Released on Tuesday, Statistics Sweden's so-called Political Party Preference Survey suggests that if an election were to be held in May 2016, the current coalition government would receive a combined 34.2 percent of votes, significantly less than a projected 39.3 percent of votes for the opposition Alliance.
The poll shows that the Green Party in particular has seen its popularity dented, estimating that it would drop by 2.2 percentage points from the results of the 2014 Riksdag election, to a 4.7 percent share of the vote in May 2016. The Social Democrats meanwhile would drop by 1.5 percent in the same period.
Taking in the opinions of 9,033 individuals eligible to vote in Sweden’s parliamentary elections, the poll is the biggest indicator yet of how a chaotic month and a half has impacted the Swedish Greens.
The problems started in mid-April with allegations that then Housing Minister and Green Party politician Mehmet Kaplan was keeping company with Turkish extremists.
Kaplan eventually quit, but more challenges would soon appear for his party. Only a few days later more controversy blew up when Green politician Yasri Khan refused to shake a female reporter’s hand on the grounds that it violated his Muslim faith.
Pressure built and Khan resigned on April 20th, with the two incidents in quick succession directing attention towards the Green Party’s co-leader and then Deputy Prime Minister Åsa Romson. The last thing she needed at that time was a high-profile gaffe, but that’s exactly what happened when the minister referred to the 9/11 terrorist attacks as “accidents” on one of Sweden’s most-watched breakfast shows.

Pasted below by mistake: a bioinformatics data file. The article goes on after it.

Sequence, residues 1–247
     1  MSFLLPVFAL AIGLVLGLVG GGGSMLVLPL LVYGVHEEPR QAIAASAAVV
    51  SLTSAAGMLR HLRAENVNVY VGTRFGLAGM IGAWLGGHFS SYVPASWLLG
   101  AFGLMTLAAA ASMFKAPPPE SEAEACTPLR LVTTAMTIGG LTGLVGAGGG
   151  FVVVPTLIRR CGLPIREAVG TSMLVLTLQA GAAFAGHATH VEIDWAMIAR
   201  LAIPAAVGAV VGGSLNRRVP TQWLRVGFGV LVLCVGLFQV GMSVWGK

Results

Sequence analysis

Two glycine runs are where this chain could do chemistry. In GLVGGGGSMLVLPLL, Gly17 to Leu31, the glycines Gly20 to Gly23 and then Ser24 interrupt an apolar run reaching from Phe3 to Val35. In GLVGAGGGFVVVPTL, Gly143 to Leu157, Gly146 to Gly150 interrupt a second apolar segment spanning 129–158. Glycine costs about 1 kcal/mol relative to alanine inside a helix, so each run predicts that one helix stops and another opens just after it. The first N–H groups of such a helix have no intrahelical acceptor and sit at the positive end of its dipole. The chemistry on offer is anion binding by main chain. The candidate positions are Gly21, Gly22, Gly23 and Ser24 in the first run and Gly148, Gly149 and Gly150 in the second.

The stressful period culminated in her announcing on May 9th that she would leave the centre-left government, with the party voting in her replacement Isabella Lövin a few days later.
The Statistics Sweden poll highlights the cost of that series of events, suggesting the Greens would have lost 1.2 vote percentage points from the last edition of the survey in November 2015.
While the scandals also had the potential to impact the larger party in government, the Social Democrats appear to have escaped relatively unscathed. The survey shows that Prime Minister Stefan Löfven’s party would actually gain 1.9 percentage points in the period since last November.
With an estimated 29.5 percent of votes, the poll also estimates that the Social Democrats would currently be the largest party in the Riksdag, followed by the Moderates with 24.7 percent.
Another point of note from the survey is that the anti-immigration Sweden Democrats appear to be losing support in 2016. While the nationalists are estimated to be up by 4.4 percentage points in comparison to the last parliamentary election in 2014, their support dropped by 2.6 percentage points compared to the previous edition of the Political Party Preference Survey last November.
A clearer picture of the scale of change will be painted this Thursday when Statistics Sweden publishes the results of another poll asking the questions “Do you prefer one of the political parties more than the others?” and “But what party do you have the greatest sympathy for?”